Durban - Whether a prank or a wicked plan by thieves to rob motorists, the rock-throwing menace has snowballed in KwaZulu-Natal, especially in Durban, where officials have been called on to act decisively.
However, authorities said the problem could not be resolved “overnight”.
Thus far, only one arrest has been made after at least seven incidents were reported across Durban in the aftermath to the fatal December 28 attack on Gauteng siblings.
Amina Haffajee, 16, and her brother Abdur Raheem, 7, died when a boulder thrown from a bridge, crashed through the windscreen of their vehicle while they were travelling on the N2, between Tongaat and Ballito, north of Durban.
Kirthan Pillay, 19, was the latest victim of rock throwing when youngsters launched missiles at his vehicle while he drove under the “Boys’ Town” bridge, near Tongaat, on Friday afternoon.
The incident happened during peak traffic flow. His windscreen was shattered but he was uninjured.
The victims in the other incidents reported they felt fortunate to have escaped with minor injuries and damage to their vehicles.
On Thursday, a 28-year-old suspect was caught by a Pietermaritzburg-based security company which was alerted via a local WhatsApp group about an attack from a bridge in Hilton.
Pietermaritzburg SAPS spokesperson Captain Gay Ebrahim said the suspect was expected to appear in Howick Magistrate’s Court.
But the DA spokesperson on transport in the province, Rafeek Shah, questioned the effectiveness of intelligence.
“It is a frightening trend of heinous crimes and has plunged us into a crisis situation.
“To date, we don’t know who attacked the Haffajee siblings or which area the attackers lived in, which points to a lack of intelligence on the ground by law enforcement officials.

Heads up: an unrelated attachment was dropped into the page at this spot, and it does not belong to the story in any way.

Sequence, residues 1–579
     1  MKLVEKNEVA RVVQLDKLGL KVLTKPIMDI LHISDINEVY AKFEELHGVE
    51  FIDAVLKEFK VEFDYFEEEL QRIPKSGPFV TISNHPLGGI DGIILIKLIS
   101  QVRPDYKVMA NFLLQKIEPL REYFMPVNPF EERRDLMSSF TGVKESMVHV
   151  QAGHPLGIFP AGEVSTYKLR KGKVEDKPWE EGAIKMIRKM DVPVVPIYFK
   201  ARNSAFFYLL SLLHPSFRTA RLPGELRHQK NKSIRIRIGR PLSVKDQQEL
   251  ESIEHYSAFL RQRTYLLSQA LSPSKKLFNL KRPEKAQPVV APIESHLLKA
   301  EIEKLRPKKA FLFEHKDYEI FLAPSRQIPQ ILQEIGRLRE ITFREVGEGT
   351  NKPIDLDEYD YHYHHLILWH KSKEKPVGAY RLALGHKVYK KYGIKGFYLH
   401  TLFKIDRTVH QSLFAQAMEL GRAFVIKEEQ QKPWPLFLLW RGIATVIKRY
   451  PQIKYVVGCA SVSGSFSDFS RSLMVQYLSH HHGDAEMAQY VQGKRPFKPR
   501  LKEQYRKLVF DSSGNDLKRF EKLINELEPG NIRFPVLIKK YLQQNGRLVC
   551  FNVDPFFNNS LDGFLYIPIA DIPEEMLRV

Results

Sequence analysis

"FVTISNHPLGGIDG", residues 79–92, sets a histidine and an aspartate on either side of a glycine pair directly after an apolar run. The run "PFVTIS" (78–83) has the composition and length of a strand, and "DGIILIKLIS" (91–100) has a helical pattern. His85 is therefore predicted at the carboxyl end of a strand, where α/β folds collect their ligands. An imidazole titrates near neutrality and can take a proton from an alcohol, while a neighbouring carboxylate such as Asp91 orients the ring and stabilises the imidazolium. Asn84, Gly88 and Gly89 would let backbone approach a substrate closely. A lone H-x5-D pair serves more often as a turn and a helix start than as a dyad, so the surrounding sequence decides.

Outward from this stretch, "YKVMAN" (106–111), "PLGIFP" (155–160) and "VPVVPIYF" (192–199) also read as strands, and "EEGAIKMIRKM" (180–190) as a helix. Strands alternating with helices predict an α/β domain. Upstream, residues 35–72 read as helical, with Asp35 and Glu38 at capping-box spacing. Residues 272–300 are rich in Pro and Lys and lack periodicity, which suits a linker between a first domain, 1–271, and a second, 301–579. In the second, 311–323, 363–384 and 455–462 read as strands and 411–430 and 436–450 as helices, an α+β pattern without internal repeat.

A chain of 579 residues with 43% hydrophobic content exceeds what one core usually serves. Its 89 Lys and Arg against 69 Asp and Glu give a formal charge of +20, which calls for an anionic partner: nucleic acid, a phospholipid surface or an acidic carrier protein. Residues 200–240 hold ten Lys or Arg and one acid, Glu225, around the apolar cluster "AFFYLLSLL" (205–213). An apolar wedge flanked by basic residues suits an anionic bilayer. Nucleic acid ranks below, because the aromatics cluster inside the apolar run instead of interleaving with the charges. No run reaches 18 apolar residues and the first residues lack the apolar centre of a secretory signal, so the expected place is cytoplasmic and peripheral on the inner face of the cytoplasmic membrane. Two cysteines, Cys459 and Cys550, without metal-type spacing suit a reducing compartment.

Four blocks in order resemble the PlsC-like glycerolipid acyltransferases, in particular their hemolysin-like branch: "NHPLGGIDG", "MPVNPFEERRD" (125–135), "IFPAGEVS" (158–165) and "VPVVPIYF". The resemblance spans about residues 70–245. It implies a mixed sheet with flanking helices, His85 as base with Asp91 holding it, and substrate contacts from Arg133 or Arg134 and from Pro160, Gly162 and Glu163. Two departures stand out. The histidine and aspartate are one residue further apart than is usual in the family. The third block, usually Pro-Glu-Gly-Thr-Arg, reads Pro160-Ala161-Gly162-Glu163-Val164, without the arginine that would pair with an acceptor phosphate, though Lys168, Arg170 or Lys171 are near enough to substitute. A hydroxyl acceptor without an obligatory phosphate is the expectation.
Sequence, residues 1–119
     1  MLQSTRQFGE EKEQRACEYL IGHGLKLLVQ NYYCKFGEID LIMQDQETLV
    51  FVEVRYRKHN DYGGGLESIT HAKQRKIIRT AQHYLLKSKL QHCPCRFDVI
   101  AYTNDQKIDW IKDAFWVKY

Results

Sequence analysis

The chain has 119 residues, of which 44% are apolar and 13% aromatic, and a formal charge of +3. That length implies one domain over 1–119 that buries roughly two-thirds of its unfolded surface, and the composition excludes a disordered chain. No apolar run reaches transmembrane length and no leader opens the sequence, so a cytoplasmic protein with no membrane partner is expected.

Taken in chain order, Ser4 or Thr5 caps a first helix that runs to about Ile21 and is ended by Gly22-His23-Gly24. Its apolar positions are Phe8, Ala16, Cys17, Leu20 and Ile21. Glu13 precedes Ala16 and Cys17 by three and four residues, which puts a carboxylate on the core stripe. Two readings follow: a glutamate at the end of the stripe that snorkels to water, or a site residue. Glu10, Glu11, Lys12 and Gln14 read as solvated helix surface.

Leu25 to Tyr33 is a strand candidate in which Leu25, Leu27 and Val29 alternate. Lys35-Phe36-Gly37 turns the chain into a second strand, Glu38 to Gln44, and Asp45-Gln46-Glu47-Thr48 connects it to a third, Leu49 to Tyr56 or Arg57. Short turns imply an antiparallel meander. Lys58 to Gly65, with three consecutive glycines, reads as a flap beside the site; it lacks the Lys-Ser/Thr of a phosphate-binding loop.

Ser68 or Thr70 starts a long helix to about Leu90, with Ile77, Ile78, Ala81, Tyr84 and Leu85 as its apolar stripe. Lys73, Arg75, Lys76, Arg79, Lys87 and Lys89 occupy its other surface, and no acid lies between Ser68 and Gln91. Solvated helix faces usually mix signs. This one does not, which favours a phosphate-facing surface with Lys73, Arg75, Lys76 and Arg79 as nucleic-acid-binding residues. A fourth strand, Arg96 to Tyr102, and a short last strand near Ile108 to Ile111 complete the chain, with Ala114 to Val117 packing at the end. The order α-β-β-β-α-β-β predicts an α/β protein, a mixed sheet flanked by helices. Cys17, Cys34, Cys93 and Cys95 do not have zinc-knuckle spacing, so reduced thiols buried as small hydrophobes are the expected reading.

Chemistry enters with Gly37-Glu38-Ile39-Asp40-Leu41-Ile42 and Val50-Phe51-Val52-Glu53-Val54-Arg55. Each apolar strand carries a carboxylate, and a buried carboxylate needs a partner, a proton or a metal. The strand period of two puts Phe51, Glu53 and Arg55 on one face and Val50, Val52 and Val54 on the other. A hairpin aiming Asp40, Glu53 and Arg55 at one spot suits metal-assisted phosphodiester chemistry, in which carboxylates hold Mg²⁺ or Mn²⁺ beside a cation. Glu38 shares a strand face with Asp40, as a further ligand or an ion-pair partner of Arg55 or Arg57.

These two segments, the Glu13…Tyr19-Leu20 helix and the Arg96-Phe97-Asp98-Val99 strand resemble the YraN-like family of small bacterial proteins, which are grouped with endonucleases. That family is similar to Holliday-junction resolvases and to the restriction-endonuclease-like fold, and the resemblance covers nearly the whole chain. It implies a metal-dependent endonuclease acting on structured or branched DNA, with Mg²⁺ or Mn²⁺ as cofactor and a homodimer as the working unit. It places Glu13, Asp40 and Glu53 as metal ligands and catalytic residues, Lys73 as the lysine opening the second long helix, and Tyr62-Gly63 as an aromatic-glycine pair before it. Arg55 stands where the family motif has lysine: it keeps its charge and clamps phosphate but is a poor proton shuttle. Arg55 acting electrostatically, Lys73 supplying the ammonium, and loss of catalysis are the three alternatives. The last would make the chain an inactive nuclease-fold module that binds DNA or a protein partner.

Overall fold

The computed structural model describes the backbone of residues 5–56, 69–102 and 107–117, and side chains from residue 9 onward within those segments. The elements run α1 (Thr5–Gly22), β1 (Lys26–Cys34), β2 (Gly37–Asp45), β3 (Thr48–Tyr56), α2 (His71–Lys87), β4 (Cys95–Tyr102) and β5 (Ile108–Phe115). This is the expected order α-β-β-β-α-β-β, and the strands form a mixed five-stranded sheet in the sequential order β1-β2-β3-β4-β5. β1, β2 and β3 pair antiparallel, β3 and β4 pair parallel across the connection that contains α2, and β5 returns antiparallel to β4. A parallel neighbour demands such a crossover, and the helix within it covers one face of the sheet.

“Whether this is a copycat trend or criminal syndicate, the suspects must be known within their communities, who will see and hear things,” Shah claimed.
Durban SAPS spokesperson Colonel Thembeka Mbhele said police were still investigating the case regarding the siblings and discussing further security plans, but in the interim, police were patrolling bridges considered to be crime hotspots.
Metro police officials were also surveying bridges, which has been “working well”, according to Superintendent Parboo Sewpersad, who said further plans would be reassessed.
Forming “task teams” is believed to be the recommendation of government officials to resolve the rock-throwing phenomenon and bring perpetrators to book.
Transport, Community Safety and Liaison MEC Mxolisi Kaunda is set to convene a second meeting with mayors in the affected municipalities, and senior management of SA National Roads Agency Ltd to devise a long-term plan of securing bridges.
“We will also be discouraging the diabolic acts in our running themes and awareness campaigns on the road and community safety.”
Sanral’s Eastern Region design and construction manager Ravi Ronny said enclosing the thousands of bridges within the national road network would result in substantial expenditures, and called on law enforcement to eradicate criminal elements.
“We have always indicated that providing screens over bridges is not the single solution. Rocks can still be thrown onto the freeway from the embankments on both sides of the bridge.
“Sanral is not a law enforcement agency and we rely on the SAPS and the Road Traffic inspectorate to deal with the enforcement issues,” he said.
eThekwini deputy mayor Fawzia Peer has called for safety barriers and closed-circuit cameras to be installed over bridges in hotspots.
She said: “This cannot be done overnight as normal council processes will have to take place and will also depend on funding.”